Category: Photo

Read More

Do I have Egg On My Face?

Two days ago, I smugly boasted about finding plenty of egg-dozens—and same price as the previous week—at my local Trader Joe’s. Happening by the store this afternoon, I passed the cooler where eggs are supposed to be and—as you can see from the Featured Image—there were none. Goodness me.

“Decrease in chicken population” is a great excuse that fits with all the bird flu hysteria. I don’t doubt that supplies are somewhat constrained right now. But I also recognize that fear of shortages drives people to panic purchase, leading to the predicted predicament. That TJ’s receives “deliveries every morning” means the supply chain flows fluidly enough that not only are eggs available but prices stay stable.

Read More

The Cats of University Heights: Aristocat

After an unexpected hiatus, we return to Alabama Street, from which has come the largest number of kitties to appear in the series since its start in October 2016. Our newcomer is ninety-fourth among the 529 total profiles.

On Dec. 30, 2022, my wife and I passed this cutie, who has the privilege of being the one-hundred-fifth feline found looking out window or door. I used Samsung Galaxy S22 Ultra‘s 10x optical zoom for the Featured Image. Vitals: f/4.9, ISO 40, 1/120 sec, 230mm; 10 am PST.

Read More

Don’t Be Slave to Hysteria

My wife and I set out for Costco Business Center to stock up foodstuffs, today. Our car is going into the shop for a short stint, and we wanted to grab grub from stores that are too far away to walk. But the entrance ramp onto HR-163 was inexplicitly closed, compelling us to abort. Trader Joe’s was nearby, eggs were on our list, and the grocery sells a dozen for the same price as the warehouse.

But would there be any in stock? For weeks, we’ve watched countless commentators warn about a shortage of eggs and skyrocketing prices (like seven bucks a dozen). Bird flu is blamed. If I learned nothing else from all the SARS-CoV-2(severe acute respiratory syndrome Coronavirus 2)/COVID-19 insanity, fear is the virus—and, whoa, is it contagious. My advice to you: Don’t be afraid. Judge by what you see, not by what you hear someone say.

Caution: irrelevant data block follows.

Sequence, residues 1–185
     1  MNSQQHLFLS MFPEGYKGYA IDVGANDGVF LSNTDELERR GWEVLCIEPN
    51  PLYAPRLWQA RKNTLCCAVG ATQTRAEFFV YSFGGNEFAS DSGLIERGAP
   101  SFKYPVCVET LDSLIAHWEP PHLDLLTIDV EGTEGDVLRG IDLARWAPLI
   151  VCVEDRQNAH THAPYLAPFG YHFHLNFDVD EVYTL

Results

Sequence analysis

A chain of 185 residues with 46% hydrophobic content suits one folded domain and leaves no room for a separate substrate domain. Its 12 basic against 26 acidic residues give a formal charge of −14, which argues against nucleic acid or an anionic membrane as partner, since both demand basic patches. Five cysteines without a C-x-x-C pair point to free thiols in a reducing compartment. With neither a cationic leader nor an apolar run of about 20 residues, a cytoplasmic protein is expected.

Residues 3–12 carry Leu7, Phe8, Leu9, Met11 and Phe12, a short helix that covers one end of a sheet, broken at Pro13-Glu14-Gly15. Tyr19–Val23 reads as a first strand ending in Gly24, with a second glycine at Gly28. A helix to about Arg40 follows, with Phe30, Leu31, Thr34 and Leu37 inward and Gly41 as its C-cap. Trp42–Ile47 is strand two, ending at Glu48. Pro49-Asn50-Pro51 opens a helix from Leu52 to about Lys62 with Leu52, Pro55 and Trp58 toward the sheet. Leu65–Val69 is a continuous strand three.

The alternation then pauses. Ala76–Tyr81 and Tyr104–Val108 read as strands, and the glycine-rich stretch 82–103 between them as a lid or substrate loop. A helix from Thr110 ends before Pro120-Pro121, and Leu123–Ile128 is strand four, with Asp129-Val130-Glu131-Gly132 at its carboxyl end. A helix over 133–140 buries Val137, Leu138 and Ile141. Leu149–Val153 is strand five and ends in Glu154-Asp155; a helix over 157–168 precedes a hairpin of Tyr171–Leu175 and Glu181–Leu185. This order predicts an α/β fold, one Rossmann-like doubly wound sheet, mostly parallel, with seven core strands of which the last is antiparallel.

Read More

Who Yelled ‘Fire!’

While walking to Pet Me Please in San Diego neighborhood Normal Heights, today, I passed a mural that demanded photographic attention. Unknown to me at the time: The building’s business is All County Fire, which sells protective equipment for preventing or combating unwanted, ah, flaming events.

The Featured Image is a single shot; my plan to take another was interrupted by a gentleman who asked if I had taken a photo of his car, which was parked on the street. He worried about an accident; perhaps he had experience, but I didn’t ask. After understanding the object of my interest, he praised the artist who painted the mural, explaining another adorned the other side of building. I later looked but didn’t find it.

Read More

Rat-Tat-Tat Goes the CAT

Redevelopment of the half block where meet El Cajon Blvd and Louisiana Street currently is underway. When iconic Postal Convenience Center abruptly closed in July 2021 after 34 years of operation, I wrongly assumed that the business was another casualty of  SARS-CoV-2(severe acute respiratory syndrome Coronavirus 2)/COVID-19 shutdown mandates. Rather, the place lost its lease, as did Cave of Wonders further down The Boulevard.

In additional to commercial properties along El Cajon, on nearby Louisiana, a small collection of Craftsman homes and cottages were emptied of tenants. All the buildings were destroyed in late April 2022. Welcome to more San Diego urban renewal that could create even more unaffordable housing.

Read More

The Cats of University Heights: Peeky

For reasons I won’t even guess, Mississippi isn’t a street where many felines are seen. The series‘ exceptions are notable, like Kittens, Kitty, or Sylvester. On Dec. 9, 2022, I saw one peeking (hence, the nickname) before blinds; single sighting.

Peeky is the one-hundred-fourth profiled putty looking out door or window. The Featured Image comes from Leica Q2. Vitals, aperture manually set: f/5.6, ISO 100, 1/640 sec, 28mm; 2:26 p.m. PST.

Read More

‘He Didn’t Make It’